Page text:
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The ground beneath our cities

Project Iceberg will investigate ways to join up data and services delivered by a range of organisations and integrate it with other city data

Project Iceberg aims to help increase the viability of land for development
Project Iceberg aims to help increase the viability of land for development

The British Geological Survey, Ordnance Survey and Future Cities Catapult are working on a project to give planners, utility companies and developers a better idea of what lies beneath the ground by building a more complete picture of our cities with digital data.


Project Iceberg has the long-term aim of helping to increase the viability of land for development and de-risk future investment through better use of subsurface information.


To realise the full potential of subsurface data, Iceberg has investigated ways to join up data and services delivered by a range of organisations and integrate it with other city data.


Today there is a great deal of data about the subsurface and there are various standards that set out how information should be captured but the information is dispersed amongst many different parties. This lack of coordination and collaboration has costs.


For example, the direct costs associated with ‘normal’ maintenance of underground electricity, gas and water assets runs into the billions of pounds a year without considering indirect costs such as increased road congestion during ground works.


Project Iceberg has found that there is a need for a public data-exchange framework for the subsurface that can be integrated with existing city data systems. This isn’t a single map of the subsurface but a consistent framework into which data is supplied, assured, stored, accessed and analysed by a multitude of users in the short term, whilst appropriately safeguarding privacy and security.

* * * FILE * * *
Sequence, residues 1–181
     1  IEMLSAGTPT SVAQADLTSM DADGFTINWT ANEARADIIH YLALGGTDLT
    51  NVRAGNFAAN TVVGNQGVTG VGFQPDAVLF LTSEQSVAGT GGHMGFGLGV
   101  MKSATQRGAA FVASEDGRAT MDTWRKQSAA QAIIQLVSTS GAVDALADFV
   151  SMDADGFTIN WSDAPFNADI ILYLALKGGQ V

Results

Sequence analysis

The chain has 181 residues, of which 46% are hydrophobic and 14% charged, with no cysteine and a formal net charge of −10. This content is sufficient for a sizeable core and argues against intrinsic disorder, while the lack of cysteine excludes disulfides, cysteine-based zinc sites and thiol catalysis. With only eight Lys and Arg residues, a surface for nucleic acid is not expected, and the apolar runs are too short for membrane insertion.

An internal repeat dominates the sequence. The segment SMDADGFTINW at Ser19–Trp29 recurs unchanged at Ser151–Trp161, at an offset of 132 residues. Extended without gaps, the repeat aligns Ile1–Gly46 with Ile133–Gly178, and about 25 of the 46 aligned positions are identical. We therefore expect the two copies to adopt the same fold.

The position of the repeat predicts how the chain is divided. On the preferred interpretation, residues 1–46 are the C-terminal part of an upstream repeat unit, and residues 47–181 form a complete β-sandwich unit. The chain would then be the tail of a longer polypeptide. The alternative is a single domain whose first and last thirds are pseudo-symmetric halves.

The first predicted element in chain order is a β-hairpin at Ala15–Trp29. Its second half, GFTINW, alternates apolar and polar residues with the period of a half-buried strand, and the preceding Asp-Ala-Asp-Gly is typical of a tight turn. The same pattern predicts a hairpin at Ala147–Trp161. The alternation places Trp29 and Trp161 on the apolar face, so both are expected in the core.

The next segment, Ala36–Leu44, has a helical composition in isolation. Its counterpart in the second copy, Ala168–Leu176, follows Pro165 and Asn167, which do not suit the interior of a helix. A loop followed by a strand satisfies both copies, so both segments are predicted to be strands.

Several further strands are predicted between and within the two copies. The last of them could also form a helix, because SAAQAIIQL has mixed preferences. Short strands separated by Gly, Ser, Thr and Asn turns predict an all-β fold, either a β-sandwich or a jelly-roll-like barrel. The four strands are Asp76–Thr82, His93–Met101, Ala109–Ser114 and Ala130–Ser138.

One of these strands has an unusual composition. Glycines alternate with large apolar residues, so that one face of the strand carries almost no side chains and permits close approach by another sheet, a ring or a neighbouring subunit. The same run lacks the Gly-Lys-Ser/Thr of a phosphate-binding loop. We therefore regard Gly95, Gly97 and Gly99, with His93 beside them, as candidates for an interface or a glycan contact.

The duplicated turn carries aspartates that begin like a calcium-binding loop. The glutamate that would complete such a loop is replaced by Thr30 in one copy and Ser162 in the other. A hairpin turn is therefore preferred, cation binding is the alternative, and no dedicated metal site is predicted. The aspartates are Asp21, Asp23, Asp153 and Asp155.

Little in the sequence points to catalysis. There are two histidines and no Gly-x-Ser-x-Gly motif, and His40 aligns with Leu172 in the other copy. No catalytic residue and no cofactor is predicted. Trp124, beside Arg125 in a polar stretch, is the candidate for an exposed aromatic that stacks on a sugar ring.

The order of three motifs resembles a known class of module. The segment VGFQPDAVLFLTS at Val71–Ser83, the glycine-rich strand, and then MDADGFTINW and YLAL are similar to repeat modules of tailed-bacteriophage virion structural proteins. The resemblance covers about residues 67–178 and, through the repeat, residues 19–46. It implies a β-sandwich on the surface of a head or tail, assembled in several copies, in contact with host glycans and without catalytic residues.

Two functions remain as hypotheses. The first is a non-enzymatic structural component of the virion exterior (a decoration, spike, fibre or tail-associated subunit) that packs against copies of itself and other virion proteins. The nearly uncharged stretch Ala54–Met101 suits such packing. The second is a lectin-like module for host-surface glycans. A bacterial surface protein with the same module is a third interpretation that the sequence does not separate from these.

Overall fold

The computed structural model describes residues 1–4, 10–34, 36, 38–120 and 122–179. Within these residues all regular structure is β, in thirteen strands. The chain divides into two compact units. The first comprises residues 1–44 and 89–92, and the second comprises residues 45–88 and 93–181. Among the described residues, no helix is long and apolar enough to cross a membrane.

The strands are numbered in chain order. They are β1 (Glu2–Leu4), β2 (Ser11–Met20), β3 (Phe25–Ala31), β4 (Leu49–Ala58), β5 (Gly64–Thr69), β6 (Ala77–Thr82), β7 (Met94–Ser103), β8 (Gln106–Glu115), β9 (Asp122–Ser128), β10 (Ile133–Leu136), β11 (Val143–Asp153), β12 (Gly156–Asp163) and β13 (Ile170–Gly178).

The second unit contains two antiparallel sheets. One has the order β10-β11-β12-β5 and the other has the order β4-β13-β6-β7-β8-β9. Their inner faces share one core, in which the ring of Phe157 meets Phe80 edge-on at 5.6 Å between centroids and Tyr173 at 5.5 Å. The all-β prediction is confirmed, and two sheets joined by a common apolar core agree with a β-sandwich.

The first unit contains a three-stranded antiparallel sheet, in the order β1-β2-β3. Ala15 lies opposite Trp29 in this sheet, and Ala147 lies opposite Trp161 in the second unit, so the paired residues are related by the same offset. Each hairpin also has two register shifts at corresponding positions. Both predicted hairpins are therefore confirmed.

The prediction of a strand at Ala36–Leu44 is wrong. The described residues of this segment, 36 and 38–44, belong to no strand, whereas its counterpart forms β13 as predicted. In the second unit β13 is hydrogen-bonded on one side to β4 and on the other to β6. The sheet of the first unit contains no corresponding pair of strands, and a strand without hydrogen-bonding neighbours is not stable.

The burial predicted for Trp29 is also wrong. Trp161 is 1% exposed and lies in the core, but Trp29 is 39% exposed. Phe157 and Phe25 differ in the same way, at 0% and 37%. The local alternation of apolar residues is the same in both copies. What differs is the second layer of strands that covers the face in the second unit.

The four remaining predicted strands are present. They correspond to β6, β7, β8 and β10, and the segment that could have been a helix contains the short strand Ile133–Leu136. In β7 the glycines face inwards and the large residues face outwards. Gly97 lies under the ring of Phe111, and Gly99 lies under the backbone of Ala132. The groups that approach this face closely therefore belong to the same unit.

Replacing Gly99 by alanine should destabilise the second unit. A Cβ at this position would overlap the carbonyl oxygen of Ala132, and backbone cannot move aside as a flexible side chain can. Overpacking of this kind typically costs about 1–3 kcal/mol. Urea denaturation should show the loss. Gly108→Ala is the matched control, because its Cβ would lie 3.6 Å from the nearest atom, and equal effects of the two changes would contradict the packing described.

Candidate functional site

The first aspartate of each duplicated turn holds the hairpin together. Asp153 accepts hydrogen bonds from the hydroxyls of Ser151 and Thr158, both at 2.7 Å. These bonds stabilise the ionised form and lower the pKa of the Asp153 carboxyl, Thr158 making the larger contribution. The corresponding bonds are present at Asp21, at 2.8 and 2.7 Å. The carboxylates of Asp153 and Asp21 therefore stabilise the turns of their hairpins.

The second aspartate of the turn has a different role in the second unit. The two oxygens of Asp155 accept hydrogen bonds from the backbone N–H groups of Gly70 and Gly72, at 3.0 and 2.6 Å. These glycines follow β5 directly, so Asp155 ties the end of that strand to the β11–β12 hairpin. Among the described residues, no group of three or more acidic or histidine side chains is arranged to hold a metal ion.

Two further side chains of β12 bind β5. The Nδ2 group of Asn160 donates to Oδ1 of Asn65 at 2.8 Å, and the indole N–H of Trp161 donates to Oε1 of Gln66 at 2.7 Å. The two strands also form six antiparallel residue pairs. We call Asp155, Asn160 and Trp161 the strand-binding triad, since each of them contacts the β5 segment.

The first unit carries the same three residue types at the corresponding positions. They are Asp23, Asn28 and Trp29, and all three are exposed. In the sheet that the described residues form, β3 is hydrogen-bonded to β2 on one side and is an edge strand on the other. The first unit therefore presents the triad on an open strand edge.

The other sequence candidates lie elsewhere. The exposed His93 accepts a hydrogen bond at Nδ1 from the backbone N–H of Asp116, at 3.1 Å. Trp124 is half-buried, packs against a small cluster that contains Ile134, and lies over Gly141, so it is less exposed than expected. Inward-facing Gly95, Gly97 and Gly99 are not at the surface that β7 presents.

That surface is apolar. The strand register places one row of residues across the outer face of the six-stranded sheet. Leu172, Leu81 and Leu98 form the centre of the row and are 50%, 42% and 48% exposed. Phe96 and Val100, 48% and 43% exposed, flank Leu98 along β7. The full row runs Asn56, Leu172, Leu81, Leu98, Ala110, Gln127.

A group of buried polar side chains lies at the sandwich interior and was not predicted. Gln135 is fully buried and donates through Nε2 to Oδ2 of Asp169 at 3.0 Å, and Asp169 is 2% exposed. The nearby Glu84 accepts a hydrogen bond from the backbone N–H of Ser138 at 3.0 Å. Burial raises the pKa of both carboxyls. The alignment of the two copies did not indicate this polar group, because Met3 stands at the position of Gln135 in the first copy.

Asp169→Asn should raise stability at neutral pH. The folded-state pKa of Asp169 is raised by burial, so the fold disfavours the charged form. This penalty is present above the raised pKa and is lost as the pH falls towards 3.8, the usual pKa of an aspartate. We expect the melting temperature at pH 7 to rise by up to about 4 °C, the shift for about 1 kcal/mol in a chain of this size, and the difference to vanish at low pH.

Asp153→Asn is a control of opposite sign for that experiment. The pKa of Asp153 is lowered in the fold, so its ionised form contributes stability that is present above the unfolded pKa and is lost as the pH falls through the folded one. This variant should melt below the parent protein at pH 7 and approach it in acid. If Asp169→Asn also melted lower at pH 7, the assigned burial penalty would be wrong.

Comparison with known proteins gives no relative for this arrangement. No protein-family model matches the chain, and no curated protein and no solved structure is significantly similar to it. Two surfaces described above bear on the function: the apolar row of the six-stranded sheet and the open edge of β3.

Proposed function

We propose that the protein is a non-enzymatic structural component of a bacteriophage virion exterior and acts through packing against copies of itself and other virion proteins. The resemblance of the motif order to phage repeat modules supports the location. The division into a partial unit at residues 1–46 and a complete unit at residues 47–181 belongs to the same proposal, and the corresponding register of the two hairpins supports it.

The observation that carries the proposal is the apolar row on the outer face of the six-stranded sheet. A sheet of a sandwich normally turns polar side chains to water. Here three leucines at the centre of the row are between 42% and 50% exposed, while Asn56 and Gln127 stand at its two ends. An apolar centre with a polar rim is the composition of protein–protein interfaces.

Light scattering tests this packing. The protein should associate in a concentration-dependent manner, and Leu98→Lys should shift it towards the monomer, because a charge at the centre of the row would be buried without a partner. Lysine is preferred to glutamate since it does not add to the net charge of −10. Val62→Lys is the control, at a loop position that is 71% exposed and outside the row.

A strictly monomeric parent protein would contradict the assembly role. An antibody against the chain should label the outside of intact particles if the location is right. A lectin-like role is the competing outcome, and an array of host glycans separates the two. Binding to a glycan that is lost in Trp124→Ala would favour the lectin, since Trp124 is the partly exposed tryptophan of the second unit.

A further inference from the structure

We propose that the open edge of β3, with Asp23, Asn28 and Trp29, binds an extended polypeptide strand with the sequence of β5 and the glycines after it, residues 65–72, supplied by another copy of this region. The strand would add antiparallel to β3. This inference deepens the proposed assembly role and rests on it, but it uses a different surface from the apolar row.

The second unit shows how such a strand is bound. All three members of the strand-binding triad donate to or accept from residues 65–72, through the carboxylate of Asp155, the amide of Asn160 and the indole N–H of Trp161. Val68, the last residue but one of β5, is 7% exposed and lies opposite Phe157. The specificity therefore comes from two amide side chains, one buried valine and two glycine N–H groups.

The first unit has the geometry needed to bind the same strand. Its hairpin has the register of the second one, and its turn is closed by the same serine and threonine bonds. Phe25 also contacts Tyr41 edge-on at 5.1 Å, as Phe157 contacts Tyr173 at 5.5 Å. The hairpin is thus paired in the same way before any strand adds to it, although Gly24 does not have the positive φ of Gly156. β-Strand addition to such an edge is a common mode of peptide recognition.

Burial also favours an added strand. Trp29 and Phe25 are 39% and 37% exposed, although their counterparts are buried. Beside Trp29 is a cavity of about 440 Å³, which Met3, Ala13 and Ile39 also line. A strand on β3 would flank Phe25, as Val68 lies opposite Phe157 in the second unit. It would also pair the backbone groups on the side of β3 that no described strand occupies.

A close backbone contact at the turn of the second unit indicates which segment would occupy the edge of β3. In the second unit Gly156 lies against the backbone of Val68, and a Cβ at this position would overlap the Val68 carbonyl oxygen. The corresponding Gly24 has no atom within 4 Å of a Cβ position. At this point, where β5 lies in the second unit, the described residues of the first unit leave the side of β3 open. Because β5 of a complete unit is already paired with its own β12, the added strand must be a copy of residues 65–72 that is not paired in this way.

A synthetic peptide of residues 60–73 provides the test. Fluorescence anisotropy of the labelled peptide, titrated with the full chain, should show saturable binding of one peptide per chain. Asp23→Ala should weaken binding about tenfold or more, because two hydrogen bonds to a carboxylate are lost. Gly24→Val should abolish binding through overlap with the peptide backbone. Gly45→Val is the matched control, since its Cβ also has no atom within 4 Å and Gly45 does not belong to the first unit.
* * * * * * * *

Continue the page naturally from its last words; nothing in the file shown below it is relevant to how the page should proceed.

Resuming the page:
“The absence of standards governing the collection of underground data means decision-makers working on cross-sector domain projects face a challenge to untangle the web of data that is available,” said Rollo Home, content strategy lead at Ordnance Survey. “Not knowing what’s buried and where it’s buried causes significant disruption, wasted time, delays in street works, possible damage to other utilities and unnecessary extra repair and compensation costs.


“This lack of knowledge also presents very real health and safety risks to utility employees and the public. It’s in the interests of Great Britain to resolve this by getting a detailed and accurate picture of the subsurface space and to combine it with the above ground data model for shared operational and innovation activities.”


Nicola Yates, CEO at Future Cities Catapult said: “We are very excited about the potential impact of this project. Helping innovative businesses solve complex city challenges is core to our mission.


“As well as bringing together Ordnance Survey and British Geological Survey, what is required is much enhanced data-sharing between industry, government and academic bodies who understand our subsurface. The potential savings and impact demand it.”


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